During a congressional hearing on Wednesday, Education Secretary Betsy DeVos defended a proposal to cut $200 million of taxpayer-backed funds used for literacy efforts. But despite explaining that the federal program has not “yielded the results we’ve all hoped for,” the Democrat-led committee did not waste the opportunity to publicly demonstrate why you cannot trust a politician with your hard-earned money.
Before the U.S. House Education and Labor Committee, DeVos said the ineffective federal program should be slashed, especially because combating illiteracy should be up to states and local governments. As expected, Democrats readily reacted as if the President Trump appointee had said she couldn’t care less about the children.
On Twitter, star lawmaker Alexandria Ocasio-Cortez berated DeVos. But in the process, Cortez shared a piece of statistical data that actually backs the argument that literacy programs don’t work, prompting some Twitter users to correctly point out she unwittingly proved her sentiment isn’t backed up by facts.
During the hearing, flustered Democrats also tried making the case against DeVos’ proposal. Unfortunately for them, all they managed to prove was that all government programs are inefficient. Was the irony was lost on them?
Take Rep. Haley Stevens’ attempt at being witty for an instance.
While criticizing DeVos for trying to kill an ineffective program, the Michigan Democrat said that “We don’t cut fire departments or police departments just because crime is going up.”
Unbeknownst to the lawmaker, fire and police departments are, most often than not, locally run and funded, providing credence to DeVos’ argument that local government leaders should take on the task of focusing on literacy projects that better fit the realities of their communities. Furthermore, the only thing his logic proves is that yes, we should be cutting these departments if they are ineffective. Why? Because the only reason they run on taxpayer-backed money is that government, local or otherwise, wants to give voters the impression they are indispensable. Even if allowing the market to provide for our safety is the better — and most affordable — option.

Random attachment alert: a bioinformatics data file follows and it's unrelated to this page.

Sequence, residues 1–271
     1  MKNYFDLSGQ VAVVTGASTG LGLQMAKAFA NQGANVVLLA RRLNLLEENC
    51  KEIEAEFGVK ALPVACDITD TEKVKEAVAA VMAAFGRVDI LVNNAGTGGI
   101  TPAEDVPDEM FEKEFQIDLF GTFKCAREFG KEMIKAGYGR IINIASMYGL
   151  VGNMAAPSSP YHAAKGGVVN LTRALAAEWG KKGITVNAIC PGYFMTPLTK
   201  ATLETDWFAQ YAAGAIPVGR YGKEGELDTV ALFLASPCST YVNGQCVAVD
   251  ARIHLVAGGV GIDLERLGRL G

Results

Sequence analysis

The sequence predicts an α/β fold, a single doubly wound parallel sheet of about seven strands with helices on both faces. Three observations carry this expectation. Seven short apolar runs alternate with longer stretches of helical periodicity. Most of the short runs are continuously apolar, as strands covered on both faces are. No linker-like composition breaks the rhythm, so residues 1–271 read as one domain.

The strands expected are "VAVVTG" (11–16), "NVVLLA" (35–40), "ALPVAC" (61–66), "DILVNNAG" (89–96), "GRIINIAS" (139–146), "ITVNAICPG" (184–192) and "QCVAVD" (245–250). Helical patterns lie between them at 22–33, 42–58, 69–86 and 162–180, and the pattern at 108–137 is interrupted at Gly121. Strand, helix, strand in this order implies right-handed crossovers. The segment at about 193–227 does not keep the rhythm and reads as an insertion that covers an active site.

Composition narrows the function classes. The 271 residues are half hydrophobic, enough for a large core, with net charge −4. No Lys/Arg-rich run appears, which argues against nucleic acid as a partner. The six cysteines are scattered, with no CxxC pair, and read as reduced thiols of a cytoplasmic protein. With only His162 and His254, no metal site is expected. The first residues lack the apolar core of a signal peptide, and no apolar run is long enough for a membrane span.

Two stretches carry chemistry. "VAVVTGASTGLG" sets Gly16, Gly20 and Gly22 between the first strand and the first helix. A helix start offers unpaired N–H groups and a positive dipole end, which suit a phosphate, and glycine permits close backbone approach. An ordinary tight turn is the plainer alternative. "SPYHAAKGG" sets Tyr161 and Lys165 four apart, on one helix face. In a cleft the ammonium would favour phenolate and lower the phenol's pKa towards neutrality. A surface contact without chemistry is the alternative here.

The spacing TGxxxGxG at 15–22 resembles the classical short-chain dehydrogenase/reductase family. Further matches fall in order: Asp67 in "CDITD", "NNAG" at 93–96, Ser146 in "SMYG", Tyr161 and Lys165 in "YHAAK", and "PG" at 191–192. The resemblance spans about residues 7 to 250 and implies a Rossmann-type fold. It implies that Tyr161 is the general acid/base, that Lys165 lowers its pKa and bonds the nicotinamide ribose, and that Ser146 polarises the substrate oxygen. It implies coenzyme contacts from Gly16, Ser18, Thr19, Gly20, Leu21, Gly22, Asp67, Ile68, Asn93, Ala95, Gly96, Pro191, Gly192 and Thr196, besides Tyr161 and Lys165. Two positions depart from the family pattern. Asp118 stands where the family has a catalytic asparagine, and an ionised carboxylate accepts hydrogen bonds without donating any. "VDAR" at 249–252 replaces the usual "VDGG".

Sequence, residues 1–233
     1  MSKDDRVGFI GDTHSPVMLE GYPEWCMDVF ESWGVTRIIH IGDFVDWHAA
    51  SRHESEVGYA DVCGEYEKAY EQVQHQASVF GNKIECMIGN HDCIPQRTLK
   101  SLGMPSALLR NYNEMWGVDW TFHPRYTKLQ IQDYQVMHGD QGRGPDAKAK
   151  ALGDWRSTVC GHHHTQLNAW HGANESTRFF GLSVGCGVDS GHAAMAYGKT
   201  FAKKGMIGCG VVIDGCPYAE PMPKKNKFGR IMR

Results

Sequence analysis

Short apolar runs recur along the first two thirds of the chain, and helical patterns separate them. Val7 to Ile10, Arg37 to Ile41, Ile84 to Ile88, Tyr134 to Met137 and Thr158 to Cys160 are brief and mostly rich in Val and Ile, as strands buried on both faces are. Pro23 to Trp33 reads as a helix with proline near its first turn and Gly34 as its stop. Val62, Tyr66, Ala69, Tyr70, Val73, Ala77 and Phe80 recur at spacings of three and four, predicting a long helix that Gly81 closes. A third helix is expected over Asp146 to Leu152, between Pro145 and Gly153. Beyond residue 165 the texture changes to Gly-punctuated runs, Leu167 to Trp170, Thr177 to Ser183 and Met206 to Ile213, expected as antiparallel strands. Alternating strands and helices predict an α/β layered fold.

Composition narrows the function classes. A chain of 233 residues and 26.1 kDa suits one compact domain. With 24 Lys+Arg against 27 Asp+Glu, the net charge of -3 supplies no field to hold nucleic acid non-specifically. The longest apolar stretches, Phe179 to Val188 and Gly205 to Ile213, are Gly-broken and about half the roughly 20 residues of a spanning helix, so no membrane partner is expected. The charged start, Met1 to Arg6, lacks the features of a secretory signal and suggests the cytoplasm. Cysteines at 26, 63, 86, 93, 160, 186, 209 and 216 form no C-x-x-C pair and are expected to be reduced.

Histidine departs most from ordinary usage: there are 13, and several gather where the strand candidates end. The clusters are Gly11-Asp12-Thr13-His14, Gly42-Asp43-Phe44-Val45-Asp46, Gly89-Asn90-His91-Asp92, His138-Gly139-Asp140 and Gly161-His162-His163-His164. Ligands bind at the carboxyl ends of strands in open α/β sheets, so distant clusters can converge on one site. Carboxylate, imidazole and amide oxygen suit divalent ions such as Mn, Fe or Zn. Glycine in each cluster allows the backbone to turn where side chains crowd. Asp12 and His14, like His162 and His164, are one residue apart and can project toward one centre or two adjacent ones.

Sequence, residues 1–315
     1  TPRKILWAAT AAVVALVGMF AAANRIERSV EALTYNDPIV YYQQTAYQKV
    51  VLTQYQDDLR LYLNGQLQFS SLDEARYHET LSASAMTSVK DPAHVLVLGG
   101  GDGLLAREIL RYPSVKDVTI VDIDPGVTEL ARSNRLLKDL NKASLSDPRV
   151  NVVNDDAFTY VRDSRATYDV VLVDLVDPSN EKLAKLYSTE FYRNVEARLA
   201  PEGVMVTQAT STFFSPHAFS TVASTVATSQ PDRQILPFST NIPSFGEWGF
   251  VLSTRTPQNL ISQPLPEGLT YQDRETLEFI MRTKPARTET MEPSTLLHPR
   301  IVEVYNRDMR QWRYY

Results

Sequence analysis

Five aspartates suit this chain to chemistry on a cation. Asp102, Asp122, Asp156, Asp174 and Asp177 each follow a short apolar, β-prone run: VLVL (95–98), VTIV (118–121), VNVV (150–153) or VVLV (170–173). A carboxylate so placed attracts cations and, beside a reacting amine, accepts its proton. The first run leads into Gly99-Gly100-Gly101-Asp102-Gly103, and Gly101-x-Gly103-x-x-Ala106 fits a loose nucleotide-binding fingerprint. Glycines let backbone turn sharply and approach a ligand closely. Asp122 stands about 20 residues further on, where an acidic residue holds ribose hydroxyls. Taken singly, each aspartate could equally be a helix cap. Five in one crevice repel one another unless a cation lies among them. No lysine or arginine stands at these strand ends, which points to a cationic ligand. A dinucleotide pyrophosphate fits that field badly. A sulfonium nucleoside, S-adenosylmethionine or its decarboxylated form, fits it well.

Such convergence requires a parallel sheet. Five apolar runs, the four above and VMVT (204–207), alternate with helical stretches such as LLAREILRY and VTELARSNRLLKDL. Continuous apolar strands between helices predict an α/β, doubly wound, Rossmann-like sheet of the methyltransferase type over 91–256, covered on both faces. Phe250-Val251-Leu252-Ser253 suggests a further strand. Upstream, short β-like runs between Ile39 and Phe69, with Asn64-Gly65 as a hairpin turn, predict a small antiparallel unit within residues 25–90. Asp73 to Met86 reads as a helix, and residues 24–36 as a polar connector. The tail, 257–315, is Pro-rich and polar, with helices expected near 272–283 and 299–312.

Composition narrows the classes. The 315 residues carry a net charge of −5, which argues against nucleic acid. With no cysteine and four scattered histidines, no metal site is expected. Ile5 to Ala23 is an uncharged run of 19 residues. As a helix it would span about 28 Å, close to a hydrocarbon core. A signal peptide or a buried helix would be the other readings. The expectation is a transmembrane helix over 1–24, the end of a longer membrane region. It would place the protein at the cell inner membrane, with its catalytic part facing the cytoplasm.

It is regulation and laws written to protect government monopolies that keep the private law-enforcement and security industry from being competitive, not the superiority of government-run police. Still, Stevens seemed to feel pretty good about himself.
Another Democrat, U.S. Rep. Josh Harder from California, also took DeVos to task, saying she went “around the country reading books to kids, talking about the importance of literacy … (then) you cut every program.”
To Cortez, Harder couldn’t have been more on point. However, his argument falls flat.
Hoping to inspire educators, parents, and children to take literacy seriously has absolutely nothing to do with funding a program that doesn’t work. As a matter of fact, if literacy is the goal, then slashing an ineffective effort to let others take the lead is the best thing to do.
Sadly, the Democrat seemed quite pleased with himself for “owning” DeVos.
After the hearing and the several back-and-forths between DeVos and lawmakers hit the news, what most outlets may have focused on was how members of the committee “destroyed” the secretary. But as you can see from the campy display of illogical arguments, Democrats were the only ones in that hearing who were flaunting their ignorance.